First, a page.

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Why should'st not thou like sense within thee feel 315
So spake domestic Adam in his care
If this be our condition, thus to dwell
unite and collect it all when our front] Here is such a raised.
jingle and turn of the words, 318. — domestic Adam] This as we sometimes meet with in epithet seems to allude to what our author; he affronts us with Adam had said in ver. 232. his foul esteem, but his foul
esteem sticks no dishonour on our -nothing lovelier can be found In woman than to study household front : but our author alludes good,
to the etymology of the word And good works in her husband to offront: adfrontare, i. e. fronpromote.
tem fronti committere, as SkinDomestic in his care, may signify ner says. And I find Shakehere one who has a careful re.
speare using the word in its gard to the good of his family; original signification. Cymbeand all this speech of Adam's line, act iv. was intended for the security of
-good my liege, his wife. Pearce.
Your preparation can affront no less 319. See note Comus. Than what you hear of. 177. E.
And afterwards, act v. 320. Less attributed] That is,
There was a fourth mantoo little; an elegant Latinism. Richardson.
That gave th' affront with them. 330. Sticks no dishonour on And in Hamlet, act iii.
Foul on himself; then wherefore shunn'd or fear'd
To whom thus Adam fervently replied.
That he, as 'twere by accident, may describe him as in some clegree here
displeased; but what extreme Affront Ophelia.
delicacy has our author shewn 334. -our witness from th' in choosing the word fervently event.] The Spirit bearing wit- to express it by? a term which ness with our spirit, Rom. viii. though it implies some emotion, 16.
yet carries nothing in its idea 335. And what is faith, love, inconsistent with that subservirtue unassay'd
viency of the passions, which Alone, without exterior help subsisted before the fall. In sustain'd ?]
the two foregoing speeches he What merit is there in any had made Adam address himvirtue till it has stood the test self to her in the affectionate alone, and without other assist- terms of Sole Eve, associate sole, ance ?
and Daughter of God and man,
immortal Eve; but here with Paulum sepultæ distat inertiæ Celata virtus. Hor. od. iv. ix. 29.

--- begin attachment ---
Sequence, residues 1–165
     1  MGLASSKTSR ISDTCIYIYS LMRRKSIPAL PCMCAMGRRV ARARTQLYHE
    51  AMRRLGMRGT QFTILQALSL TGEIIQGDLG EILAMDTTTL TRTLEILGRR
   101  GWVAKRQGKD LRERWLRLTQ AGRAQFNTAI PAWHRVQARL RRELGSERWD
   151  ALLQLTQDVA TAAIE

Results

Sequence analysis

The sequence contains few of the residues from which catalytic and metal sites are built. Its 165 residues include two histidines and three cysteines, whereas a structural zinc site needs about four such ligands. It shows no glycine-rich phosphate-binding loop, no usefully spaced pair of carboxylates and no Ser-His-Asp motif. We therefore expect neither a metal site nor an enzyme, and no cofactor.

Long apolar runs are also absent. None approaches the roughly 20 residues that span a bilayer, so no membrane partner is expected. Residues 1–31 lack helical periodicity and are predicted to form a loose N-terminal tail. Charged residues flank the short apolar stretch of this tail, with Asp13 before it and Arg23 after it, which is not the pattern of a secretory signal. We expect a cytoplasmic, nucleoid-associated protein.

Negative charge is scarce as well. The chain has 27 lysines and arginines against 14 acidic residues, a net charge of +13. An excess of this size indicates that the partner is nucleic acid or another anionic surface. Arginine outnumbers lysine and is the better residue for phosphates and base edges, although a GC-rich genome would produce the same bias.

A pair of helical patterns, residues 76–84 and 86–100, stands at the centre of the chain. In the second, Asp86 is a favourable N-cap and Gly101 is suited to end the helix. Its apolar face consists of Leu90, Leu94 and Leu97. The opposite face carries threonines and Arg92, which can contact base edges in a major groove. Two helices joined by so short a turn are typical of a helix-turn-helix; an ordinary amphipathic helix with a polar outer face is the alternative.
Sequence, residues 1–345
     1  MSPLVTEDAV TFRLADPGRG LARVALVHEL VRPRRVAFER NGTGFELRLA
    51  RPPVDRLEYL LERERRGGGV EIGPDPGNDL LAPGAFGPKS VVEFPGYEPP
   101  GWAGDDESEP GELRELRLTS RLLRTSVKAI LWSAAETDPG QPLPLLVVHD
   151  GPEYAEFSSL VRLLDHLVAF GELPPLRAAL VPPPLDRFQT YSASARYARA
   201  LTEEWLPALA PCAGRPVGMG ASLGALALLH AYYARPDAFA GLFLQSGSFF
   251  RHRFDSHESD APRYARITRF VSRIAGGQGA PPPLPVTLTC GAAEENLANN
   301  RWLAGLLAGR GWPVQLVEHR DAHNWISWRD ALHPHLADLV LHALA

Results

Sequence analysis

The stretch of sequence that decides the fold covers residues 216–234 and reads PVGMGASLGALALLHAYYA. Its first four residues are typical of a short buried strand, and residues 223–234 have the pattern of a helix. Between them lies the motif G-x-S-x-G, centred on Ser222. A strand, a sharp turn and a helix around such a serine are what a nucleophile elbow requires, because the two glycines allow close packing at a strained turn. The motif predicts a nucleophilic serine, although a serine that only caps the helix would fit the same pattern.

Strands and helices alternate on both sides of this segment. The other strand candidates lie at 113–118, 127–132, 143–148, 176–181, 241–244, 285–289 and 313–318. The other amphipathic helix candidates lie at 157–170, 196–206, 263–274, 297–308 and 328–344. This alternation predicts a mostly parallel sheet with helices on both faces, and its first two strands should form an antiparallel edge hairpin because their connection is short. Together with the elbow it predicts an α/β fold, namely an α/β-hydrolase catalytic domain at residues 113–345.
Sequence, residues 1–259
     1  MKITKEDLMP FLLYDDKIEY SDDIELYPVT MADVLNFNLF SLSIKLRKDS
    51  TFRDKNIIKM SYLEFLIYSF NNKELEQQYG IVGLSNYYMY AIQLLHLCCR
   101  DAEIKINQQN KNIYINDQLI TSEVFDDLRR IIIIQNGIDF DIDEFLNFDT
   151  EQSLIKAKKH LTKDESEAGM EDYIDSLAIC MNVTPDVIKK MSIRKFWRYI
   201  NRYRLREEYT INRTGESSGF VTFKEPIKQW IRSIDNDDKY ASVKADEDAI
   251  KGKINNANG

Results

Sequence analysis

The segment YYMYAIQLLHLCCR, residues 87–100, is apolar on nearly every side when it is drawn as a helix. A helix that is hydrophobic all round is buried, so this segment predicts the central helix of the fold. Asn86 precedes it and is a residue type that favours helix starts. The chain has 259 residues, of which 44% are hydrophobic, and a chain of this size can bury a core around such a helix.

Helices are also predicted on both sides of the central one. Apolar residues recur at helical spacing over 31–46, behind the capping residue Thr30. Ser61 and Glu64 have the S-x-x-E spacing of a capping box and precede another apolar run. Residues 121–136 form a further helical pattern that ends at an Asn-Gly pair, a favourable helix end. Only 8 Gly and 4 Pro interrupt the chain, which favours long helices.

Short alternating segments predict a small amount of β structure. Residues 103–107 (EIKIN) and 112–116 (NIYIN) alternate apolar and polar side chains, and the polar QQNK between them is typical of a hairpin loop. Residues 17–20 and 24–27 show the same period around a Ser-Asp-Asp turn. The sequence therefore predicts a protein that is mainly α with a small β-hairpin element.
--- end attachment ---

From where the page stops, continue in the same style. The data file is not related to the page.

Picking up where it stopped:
great judgment he changes those Richardson. endearing words for these more
authoritative, O woman. I should 339. As not secure to single or think that Milton in this excombin'd.] As not to be secure pression alluded to what our to us single or together.
Saviour said to the Virgin Mary, 342. To whom thus Adam fer- Woman, what have I to do with vently replied.
thee, was not I satisfied, that he O Woman,]
could not with his learning What Eve had just now said take these words in the vulgar required some reprimand from mistaken sense, which our transAdam, and it was necessary to lation naturally leads ignorant
O Woman, best are all things as the will
readers into, and must very well cestor a little before observe to know that run amongst the the angel? viii. 546. &c. Thyer. Greeks is a term of great re
353. But bid her well be ware, spect. Indeed throughout this and still erect,] It is very true, whole conversation, which the as Dr. Bentley observes, that poet has in every respect worked erect requires the preceding up to a faultless perfection, there word to be adjective like itself: is the most exact observance of but so is ware or wary, and so it justness and propriety of cha- is used, Matth. xxiv. 50. The racter. With what strength is Lord of that servant shall come in the superior excellency of man's a day when he looketh not for understanding here pointed out, him, and in an hour that he is not and how nicely does our author ware of; and 2 Tim. iv. 15. Of here sketch out the defects pe- whom be thou ware also ; and by culiar in general to the female our author himself in the Mask, mind? and after all what great Silence was took ere she was ware. art has he shewn in making And therefore be ware should Adam, contrary to his better not have been printed as one reason, grant his spouse's re- word, but as two; and then quest, beautifully verifying what there could have been no mishe had made our general an